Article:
By Jeremy Gibson
When the original “Guitar Hero” came out in 2006, music fans rejoiced.Harmonix delivered a game that provided an awesome soundtrack, easy-to-pick-up but hard-to-master game play, and one of the best party games ever made.
Now in its third installment, a new developer hopes to do what Harmonix did with its two predecessors.
Neversoft took the reigns for “Guitar Hero III,” and while the game is essentially the same as “GHI” and “GHII,” there are some notable differences.
Game play is essentially the same. While in career mode, you run through a vast array of songs, unlocking new and harder songs as you progress.
Neversoft did add a new multiplayer mode that allows players to battle each other. While battling, players can throw things at their opponents, causing various effects. For example, some power-ups make players play left-handed for a short time.
But let’s not overlook one of the biggest improvements of “GHIII:”online play. “GHIII” offers, for the first time, online play for co-op, face-off, pro face-off and battle mode.
The only problem lies in the PS3 version, because you can’t invite specific people into a game, meaning you will more likely be playing with some random person.
While all of the changes are exciting, seasoned GH players will notice some differences in the visual style as well as game play.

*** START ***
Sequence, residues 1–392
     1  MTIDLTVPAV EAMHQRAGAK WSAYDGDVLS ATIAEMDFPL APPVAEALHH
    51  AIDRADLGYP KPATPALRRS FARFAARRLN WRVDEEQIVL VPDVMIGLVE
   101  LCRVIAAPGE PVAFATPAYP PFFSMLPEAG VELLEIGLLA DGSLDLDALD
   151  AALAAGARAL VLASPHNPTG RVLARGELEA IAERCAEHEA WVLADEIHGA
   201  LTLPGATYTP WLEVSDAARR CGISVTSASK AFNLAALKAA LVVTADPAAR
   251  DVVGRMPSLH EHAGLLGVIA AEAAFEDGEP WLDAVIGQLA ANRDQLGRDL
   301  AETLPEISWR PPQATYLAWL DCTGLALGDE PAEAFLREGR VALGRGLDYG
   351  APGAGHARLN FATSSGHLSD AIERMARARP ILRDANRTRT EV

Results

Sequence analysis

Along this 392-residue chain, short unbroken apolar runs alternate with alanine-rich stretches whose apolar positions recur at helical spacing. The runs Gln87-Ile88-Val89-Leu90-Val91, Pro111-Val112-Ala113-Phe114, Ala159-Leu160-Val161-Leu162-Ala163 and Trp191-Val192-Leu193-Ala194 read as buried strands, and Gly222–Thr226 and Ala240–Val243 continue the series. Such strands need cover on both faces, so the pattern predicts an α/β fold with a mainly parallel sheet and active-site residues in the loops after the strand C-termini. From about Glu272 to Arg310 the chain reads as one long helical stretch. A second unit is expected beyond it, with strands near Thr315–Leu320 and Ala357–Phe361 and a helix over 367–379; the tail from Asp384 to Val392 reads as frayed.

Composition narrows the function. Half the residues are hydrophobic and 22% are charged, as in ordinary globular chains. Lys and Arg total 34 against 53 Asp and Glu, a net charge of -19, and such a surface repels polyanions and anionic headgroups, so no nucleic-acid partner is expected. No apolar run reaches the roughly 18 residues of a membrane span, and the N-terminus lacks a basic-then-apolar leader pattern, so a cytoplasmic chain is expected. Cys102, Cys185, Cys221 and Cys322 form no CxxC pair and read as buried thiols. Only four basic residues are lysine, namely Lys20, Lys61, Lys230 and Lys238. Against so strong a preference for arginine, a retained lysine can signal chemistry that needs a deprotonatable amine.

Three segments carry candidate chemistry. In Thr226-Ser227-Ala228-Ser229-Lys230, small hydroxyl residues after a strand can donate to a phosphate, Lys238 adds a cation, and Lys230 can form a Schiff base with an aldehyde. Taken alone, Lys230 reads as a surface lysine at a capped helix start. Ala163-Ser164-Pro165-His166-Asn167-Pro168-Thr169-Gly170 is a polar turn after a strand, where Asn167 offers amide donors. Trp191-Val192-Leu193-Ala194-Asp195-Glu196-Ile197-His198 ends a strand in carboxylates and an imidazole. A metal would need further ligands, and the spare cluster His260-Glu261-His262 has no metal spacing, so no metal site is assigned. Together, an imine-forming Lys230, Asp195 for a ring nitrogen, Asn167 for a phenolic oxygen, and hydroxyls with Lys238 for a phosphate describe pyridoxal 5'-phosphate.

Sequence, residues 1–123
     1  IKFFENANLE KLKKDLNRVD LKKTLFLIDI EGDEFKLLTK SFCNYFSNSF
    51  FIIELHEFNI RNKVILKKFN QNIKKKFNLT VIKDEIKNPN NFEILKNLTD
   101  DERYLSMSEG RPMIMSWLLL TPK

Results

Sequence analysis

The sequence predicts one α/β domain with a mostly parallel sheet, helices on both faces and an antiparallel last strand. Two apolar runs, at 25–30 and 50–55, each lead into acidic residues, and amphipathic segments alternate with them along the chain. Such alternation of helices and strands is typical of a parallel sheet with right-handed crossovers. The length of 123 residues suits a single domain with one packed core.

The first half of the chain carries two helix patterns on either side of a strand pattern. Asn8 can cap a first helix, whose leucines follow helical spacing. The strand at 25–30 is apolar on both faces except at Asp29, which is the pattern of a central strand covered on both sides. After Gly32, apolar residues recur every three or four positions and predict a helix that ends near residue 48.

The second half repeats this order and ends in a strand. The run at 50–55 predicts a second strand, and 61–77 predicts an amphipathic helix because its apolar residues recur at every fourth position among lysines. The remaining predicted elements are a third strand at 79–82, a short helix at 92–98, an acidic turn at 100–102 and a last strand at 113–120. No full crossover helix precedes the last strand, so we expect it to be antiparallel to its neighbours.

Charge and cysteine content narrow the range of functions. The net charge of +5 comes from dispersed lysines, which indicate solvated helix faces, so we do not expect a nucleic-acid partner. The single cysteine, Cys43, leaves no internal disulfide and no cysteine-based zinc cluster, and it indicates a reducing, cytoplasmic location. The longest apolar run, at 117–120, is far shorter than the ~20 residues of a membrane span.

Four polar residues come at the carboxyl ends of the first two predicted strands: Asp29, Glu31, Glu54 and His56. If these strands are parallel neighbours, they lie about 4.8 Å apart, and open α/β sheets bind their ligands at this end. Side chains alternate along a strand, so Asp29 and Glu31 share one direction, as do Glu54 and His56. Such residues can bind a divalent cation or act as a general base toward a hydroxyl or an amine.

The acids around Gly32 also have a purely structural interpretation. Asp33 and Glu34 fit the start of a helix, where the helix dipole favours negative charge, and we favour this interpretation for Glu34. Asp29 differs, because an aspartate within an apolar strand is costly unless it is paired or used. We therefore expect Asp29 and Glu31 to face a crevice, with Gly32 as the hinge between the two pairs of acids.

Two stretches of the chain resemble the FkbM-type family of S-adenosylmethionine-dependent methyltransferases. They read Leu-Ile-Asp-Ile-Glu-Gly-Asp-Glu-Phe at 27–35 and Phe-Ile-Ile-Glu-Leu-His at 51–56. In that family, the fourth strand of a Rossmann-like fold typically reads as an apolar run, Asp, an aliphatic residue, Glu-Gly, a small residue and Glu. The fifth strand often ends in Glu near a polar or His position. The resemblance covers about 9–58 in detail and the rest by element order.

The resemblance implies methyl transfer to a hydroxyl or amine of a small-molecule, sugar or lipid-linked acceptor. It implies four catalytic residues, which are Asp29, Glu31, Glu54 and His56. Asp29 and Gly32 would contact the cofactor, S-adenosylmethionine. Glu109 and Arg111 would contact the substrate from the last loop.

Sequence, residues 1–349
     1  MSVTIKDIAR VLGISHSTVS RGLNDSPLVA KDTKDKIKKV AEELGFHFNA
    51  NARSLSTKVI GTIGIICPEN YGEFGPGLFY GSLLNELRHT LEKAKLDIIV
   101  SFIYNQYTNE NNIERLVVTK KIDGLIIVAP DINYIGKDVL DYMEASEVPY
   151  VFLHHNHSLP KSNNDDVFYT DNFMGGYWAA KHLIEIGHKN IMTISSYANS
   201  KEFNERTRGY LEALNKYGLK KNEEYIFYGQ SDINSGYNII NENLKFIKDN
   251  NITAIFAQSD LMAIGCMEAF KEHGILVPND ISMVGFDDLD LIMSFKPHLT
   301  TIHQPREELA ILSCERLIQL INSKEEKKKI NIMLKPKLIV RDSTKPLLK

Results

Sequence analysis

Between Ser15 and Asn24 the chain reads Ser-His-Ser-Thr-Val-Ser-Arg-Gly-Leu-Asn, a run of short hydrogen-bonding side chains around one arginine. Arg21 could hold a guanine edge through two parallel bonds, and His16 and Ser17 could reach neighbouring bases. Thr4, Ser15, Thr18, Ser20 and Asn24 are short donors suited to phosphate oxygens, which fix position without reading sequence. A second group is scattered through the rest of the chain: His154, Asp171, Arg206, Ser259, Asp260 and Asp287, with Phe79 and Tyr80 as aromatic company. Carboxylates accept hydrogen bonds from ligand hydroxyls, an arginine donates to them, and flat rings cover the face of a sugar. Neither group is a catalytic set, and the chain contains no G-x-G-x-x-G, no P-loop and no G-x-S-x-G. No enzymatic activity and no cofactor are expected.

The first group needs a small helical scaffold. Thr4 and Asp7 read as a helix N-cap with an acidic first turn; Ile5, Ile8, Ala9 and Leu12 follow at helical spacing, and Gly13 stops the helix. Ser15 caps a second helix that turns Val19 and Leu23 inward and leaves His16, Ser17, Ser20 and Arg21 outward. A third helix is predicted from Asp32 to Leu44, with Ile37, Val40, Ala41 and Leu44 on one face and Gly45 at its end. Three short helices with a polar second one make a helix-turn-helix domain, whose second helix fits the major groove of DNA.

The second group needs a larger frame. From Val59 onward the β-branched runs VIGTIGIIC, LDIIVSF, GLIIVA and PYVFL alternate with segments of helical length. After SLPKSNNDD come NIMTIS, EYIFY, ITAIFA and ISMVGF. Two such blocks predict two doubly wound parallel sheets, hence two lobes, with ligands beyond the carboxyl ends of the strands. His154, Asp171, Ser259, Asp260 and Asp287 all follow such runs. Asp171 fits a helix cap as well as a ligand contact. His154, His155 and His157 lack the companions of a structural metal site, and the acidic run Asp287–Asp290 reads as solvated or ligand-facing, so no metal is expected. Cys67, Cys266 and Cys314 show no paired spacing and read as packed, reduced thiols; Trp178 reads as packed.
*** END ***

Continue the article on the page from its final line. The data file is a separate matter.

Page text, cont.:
The window time the player has to successfully hit a note has been widely expanded, meaning you now have a longer period of time to strum the note before or after the signal.
Neversoft also slightly changed the HUB. A note counter has been incorporated into the display, which is helpful on the 360 version to help you see where you are in terms of achievements.
Other slight differences were made (the multiplier light is a tower of blocks up the side to show how close you are to the next multiplier level). It’s an interesting idea, but can pull away from the notes especially during some insane solo parts.
Graphically, the game holds the same weight as the last two installments. Neversoft did incorporate some graphically appealing stages that are symbolic of its style, but nothing that we haven’t seen before.
Possibly the coolest feature is that every system, the 360, PS3 and Wii, is linked to a community site, almost the same way that Halo 3 is.
Through this site you can research your stats and manage tournaments and clans. The site also has a little metagame on it.
One of the biggest reasons to buy “GHIII,” aside from the fact it’s just one awesome game, is the new wireless Les Pual controller.
The button layout and design has gone back to something resembling the PS2 version. The start and select buttons have been placed farther away from the strum so you won’t accidentally hit either while playing. The neck of the controller also pops off for easy storage and travel. The face of the guitar also pops off to allow you to customize your axe.
While “GHIII” has probably the best track list, featuring bands such as Foghat, Alice Coopers, AFI, The Sex Pistols, Aerosmith, ZZ Top, Guns N Roses, Santana and Slayer, the absence of other legendary and influential bands such as AC/DC and Led Zeppelin is disappointing. But there’s always hope for “GHIV.